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The Patient

Published: July 29, 2014

The Patient sent an introductory email referencing porn stars, au pairs, the IQ of fashion models, and John Donne. I was wary. But we were being set up, and I’d seen his profile online. I gave us a try.

He chose a hidden restaurant in the bowels of a midtown office tower, and arrived 30 minutes late. He had a scarf thrown casually over his shoulder as if he were not from Milwaukee. He didn’t believe in cell phones, so he couldn’t call ahead to apologize. Or make reservations.

Patient: It was so crowded getting here. I don’t understand why tourists come to New York. It’s not Paris. It’s dirty; there’s garbage everywhere. It’s not the Grand Canyon. I mean, New York. Who cares?
Me: I love New York.
Patient: I just had a New York moment: I had to move out of my apartment because of mold. I’m in a sublet, and now my roommate is investing in the movie I’m making with the important and famous producer of Taxi Driver.

After another half hour we were seated. He ordered one of everything on the menu and two bottles of sake. I settled in for a long night.

Me: I ordered your book but it hasn’t come yet.
Patient: It’s a best seller, so they have to print more. Isn’t that wonderful? I just finished my second book and am halfway through writing my third. Writing just comes so easily to me.
Me: Not to me.
Patient: Jonathan Franzen said it doesn’t for him either. And Eugenides too, and he’s got a Pulitzer. I’m just lucky I guess. Not that getting cancer is lucky. Elizabeth Spiers will never finish her book, and Elizabeth Wurtzel, who knows what she’ll write next? You must know her, she went to Harvard.

Name-dropping, school-checking, and a terminal illness. It was the blind date trifecta. At least there was booze. I was eager to leave the Patient to his dueling Elizabeths, but he ordered more food and sake. He seemed to enjoy the date he was on.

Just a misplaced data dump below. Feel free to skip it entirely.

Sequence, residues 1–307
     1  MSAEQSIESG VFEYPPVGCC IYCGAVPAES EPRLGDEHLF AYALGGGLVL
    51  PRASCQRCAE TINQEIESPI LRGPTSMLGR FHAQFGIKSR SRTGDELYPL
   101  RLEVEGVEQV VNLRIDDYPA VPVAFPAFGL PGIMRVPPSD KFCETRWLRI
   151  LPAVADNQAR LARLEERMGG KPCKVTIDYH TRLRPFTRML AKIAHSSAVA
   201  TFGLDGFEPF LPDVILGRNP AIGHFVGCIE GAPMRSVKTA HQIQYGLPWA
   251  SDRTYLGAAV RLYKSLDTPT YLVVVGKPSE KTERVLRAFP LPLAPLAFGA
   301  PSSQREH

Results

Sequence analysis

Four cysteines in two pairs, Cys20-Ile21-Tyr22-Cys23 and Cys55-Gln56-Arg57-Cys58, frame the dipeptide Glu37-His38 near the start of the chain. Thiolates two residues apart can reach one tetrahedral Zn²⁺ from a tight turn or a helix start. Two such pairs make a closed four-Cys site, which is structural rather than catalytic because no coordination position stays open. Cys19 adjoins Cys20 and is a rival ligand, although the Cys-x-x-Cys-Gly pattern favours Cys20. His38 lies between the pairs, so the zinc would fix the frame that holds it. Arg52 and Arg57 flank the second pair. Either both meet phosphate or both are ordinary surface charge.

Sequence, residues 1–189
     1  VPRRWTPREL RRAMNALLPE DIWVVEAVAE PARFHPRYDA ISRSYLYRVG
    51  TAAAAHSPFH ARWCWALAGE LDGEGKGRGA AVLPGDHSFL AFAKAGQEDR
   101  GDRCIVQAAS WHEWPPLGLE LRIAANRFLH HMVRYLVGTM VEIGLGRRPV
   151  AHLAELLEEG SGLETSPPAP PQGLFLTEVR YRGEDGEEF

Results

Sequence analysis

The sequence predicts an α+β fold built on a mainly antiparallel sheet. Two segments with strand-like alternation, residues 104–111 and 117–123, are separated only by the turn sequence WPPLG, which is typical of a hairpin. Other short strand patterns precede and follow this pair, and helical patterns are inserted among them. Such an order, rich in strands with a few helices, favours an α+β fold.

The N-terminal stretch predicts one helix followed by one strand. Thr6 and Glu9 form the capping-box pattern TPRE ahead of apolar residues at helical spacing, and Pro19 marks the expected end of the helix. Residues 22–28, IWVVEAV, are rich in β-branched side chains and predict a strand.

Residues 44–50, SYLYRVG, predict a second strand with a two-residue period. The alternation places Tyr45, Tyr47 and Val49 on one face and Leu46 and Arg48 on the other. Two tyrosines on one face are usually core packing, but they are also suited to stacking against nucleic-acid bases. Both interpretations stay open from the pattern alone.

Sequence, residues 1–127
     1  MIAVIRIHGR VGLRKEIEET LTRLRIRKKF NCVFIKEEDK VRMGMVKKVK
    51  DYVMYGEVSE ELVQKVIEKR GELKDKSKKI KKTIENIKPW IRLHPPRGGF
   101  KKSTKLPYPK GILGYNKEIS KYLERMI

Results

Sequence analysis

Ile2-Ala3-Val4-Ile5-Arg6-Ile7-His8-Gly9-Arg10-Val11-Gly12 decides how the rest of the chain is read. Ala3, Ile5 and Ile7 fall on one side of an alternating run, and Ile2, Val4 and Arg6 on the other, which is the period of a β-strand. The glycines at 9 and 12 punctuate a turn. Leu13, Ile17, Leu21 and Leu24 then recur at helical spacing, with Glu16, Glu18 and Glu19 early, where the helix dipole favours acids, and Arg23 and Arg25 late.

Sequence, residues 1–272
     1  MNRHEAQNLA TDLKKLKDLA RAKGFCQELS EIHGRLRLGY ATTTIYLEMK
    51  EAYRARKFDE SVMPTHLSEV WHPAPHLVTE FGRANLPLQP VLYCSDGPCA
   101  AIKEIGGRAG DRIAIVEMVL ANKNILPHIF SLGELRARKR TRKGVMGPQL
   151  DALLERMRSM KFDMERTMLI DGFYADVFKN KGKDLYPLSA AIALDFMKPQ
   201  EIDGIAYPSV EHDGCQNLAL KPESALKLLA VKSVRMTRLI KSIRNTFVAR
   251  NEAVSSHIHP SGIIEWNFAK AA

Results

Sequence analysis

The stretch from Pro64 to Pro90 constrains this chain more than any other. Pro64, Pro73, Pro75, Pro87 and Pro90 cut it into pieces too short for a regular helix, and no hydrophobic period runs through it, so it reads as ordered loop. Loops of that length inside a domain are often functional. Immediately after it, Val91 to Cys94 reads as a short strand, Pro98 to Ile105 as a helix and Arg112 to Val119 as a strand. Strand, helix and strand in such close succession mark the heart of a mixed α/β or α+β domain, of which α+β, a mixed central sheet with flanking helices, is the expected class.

At last, he asked a question.

Patient: What was your degree in?
Me: Literature and philosophy.
Patient: Has a philosopher ever affected anything really? I mean, who cares?
Me: Thomas More. Adam Smith. John Rawls. You’re not serious.
Patient: Martin Luther King wasn’t a philosopher, and his ideas actually changed the world.
Me: And he read Ghandi. And he read Tolstoy. And we have a black president in a post-colonial universe who read Edward Said. Who cares? I do. I care a lot.

The Patient blinked back tears. Had I been so hard on him? Was he not accustomed to other people talking?

He ordered another bottle of sake and disappeared to the bathroom for 15 minutes.

When he returned, I looked at him more closely — truly, I had been avoiding it — there were holes in the elbow of his sweater. With filthy hair and creative bona fides, it was clear I would be splitting the check. I reached for my credit card, and he made no attempt to stop me. He added his card to the folio.

Waitress: This card has been declined.

Holy cow! I was maxed out. As if this date could get any worse.

I took the folder, and saw it was the Patient’s plastic that had been denied.

He wiped the magnetic strip with his thumb. He polished it with the cuff of his soiled sweater.

Patient (*blowing on card*): You get this round. I’ll get the next?

He emptied his wallet of cash and threw it on the table: $30.

The bill was $200.

The following day, the Patient sent an email to let me know that he had gotten violently ill the moment he met me. Possibly it was my brains and beauty that did him in, he wrote. But most likely it was his chemo. I can read all about it in his next book.


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